Danny Yee >> Internet Censorship in Australia >> Analysis of 1999 Legislation

The Internet is not Television


The government's Internet censorship Bill takes as a premise that the Internet is a form of television. This betrays a fundamental confusion about the Internet.

The Principles Underlying the Legislation

An underlying assumption of the Bill is that the Internet is a form of broadcasting, akin to television. This is apparent both from the choice of the Film and Video classification system for Internet content and the decision to give jurisdiction to the Australian Broadcasting Authority.

In the explanatory memorandum accompanying the Bill we find:

the Government has decided that proscriptions will include RC and X rated material, plus R-rated material that is not protected by adult verification systems. The Government considers that this benchmark is appropriate to ensure consistency with regulation of subscription broadcasting and narrowcasting services based on the premise that access to online services is less discretionary than access to conventional content in hard copy form. It also recognises the growing influence of online content in Australia, particularly in relation to the ease of children's access to the Internet who may access it in the home or school, often without adult supervision.

While the Government recognises that technology for delivery of video online is currently limited, for example by the availability of bandwidth, this decision also takes into account developing technological convergence which means that online services will become more and more akin to broadcasting and therefore warrant a higher level of regulation.'


Broadcasting and Convergence

Broadcast-style 'push' technology has only a minor role online and user selection will continue to dominate Internet content delivery. It may be that convergence will see television merge with the Internet, but this is a long way from happening. Moreover, many people believe that convergence will result in television becoming more like the Internet rather than vice versa.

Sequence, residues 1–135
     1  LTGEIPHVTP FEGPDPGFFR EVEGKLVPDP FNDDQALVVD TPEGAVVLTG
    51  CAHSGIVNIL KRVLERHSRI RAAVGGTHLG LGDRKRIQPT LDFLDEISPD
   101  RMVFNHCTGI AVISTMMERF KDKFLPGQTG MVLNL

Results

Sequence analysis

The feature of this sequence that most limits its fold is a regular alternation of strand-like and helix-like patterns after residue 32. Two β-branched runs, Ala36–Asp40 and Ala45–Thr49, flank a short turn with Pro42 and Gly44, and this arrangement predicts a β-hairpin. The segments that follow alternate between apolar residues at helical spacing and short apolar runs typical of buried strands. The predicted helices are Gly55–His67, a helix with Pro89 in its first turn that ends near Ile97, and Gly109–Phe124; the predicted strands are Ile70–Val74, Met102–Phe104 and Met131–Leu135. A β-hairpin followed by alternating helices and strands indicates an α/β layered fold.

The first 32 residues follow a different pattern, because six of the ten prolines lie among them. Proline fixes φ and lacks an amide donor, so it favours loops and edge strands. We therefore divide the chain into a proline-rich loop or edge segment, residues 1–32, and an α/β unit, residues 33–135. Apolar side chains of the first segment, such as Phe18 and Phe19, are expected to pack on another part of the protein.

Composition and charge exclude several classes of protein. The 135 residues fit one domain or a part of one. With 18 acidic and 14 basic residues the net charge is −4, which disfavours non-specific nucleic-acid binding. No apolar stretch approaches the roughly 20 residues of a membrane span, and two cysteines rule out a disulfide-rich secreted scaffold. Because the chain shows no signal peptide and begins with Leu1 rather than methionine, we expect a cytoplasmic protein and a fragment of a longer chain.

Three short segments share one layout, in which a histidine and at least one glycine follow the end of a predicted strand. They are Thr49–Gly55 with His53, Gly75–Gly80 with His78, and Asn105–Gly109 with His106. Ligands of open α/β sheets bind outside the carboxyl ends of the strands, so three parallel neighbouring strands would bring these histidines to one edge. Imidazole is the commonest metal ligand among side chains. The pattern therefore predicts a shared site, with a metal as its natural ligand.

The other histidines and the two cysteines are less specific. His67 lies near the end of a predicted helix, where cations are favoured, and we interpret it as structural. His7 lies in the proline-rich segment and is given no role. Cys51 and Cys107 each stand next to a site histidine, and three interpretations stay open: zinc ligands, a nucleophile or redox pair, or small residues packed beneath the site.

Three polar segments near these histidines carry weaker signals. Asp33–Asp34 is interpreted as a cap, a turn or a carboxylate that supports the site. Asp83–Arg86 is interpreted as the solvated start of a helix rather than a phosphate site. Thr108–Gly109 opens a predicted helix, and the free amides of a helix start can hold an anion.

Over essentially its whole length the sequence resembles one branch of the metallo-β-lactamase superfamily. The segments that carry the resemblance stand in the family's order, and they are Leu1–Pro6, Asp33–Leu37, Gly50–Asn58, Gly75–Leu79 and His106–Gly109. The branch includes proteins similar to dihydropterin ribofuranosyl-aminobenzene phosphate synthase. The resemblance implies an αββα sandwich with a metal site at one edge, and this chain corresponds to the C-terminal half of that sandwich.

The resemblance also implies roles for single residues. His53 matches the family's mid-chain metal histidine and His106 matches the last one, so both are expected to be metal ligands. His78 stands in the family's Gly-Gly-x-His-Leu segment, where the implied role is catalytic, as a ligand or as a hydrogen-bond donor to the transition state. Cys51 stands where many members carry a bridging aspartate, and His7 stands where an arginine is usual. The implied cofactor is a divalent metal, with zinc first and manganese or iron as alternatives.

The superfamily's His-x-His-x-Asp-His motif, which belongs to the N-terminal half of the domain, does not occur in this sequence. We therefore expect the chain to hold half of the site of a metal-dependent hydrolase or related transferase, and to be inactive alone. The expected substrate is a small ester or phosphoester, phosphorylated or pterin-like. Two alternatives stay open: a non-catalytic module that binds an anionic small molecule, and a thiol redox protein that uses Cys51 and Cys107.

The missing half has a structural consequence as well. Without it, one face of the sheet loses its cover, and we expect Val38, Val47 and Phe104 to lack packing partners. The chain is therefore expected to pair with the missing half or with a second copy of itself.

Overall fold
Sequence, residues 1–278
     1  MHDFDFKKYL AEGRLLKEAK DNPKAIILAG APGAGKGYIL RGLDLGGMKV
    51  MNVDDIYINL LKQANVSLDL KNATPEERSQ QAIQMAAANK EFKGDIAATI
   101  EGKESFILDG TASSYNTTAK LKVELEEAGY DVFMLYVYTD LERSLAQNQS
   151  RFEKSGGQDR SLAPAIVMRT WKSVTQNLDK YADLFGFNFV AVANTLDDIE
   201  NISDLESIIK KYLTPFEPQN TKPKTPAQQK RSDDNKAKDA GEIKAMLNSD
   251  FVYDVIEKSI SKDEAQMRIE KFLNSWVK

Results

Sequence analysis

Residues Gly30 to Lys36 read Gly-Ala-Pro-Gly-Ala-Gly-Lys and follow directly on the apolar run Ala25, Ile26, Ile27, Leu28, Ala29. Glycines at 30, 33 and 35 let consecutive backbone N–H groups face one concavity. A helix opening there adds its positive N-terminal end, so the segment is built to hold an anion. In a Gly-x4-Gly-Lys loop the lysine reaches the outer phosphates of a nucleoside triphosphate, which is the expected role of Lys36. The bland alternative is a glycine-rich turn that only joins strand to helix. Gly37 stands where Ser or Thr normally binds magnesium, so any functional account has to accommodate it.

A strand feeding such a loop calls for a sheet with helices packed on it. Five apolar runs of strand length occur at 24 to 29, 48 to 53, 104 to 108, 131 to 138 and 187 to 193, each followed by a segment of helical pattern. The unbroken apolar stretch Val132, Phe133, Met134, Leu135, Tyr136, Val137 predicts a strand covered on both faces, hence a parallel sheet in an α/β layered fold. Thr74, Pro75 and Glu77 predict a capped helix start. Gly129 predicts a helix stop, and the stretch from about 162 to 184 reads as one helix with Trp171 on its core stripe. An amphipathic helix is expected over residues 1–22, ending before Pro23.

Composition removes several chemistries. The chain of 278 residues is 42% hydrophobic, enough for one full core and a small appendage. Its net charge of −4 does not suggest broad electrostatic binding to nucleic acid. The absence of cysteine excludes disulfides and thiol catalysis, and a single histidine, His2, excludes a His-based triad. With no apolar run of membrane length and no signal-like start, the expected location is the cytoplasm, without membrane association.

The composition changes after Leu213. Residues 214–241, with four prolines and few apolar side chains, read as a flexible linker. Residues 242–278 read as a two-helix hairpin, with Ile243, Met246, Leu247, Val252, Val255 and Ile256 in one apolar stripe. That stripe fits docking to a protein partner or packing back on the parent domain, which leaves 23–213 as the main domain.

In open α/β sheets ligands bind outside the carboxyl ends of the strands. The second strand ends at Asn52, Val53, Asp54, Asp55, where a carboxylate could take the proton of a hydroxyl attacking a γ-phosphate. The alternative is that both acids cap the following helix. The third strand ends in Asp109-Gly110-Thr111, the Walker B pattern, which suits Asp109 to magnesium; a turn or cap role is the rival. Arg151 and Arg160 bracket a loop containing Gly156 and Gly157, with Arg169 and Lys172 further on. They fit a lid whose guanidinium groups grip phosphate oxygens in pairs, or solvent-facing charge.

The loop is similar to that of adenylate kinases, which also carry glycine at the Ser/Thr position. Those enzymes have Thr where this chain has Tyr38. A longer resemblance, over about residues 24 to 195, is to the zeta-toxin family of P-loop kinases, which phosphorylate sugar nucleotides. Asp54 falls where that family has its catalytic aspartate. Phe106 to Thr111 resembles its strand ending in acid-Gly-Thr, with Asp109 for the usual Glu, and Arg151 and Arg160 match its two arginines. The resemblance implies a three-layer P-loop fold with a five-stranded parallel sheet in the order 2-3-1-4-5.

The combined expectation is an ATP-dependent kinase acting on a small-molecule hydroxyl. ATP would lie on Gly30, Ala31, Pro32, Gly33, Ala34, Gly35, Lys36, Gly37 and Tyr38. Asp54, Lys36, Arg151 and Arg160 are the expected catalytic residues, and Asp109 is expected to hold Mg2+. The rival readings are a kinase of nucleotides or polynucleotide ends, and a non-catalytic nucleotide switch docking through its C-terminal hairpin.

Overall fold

At one point the memorandum says:

The definition of "Internet content" excludes information transmitted in the form of a broadcasting service.
So it appears that Internet content has to be regulated as strictly as broadcasting even though broadcasting services are excluded from the category!

Discretionary Access

Access to online content is in fact highly discretionary, arguably more so than access to printed materials. Books and magazines can be and are left lying around public places such as trains, parks, and even schools. This is not possible with Net content.

Access to online content is certainly far more discretionary than access to television or radio.

The only extent to which web access is not discretionary is in the choice of start-up page, which is typically configured by the computer administrator or vendor, or defaults to the browsers default page. The browser default pages are innocuous, as are the default pages of major computer vendors.

Film or Publication?

It is unlikely, due to bandwidth constraints, that significant amounts of streaming video will be delivered over the Net in the near future, especially with the high prices for bandwidth in Australian vv the United States. The vast bulk of online content will continue to be text and graphics, and rating this as if it were video will result in many anomalies.

In particular, the application of a classification scheme designed for films and videos to textual materials is likely to result in books sold without any restrictions at all in bookshops being "prohibited" online!


  1. Broadcasting is the distribution method for only a tiny fraction of Internet content. It is not, therefore, reasonable to regulate the Internet as a form of broadcasting.

  2. Application of the Film and Video classification scheme to Internet content is totally ludicrous.

Analysis of 1999 Legislation << Internet Censorship in Australia << Danny Yee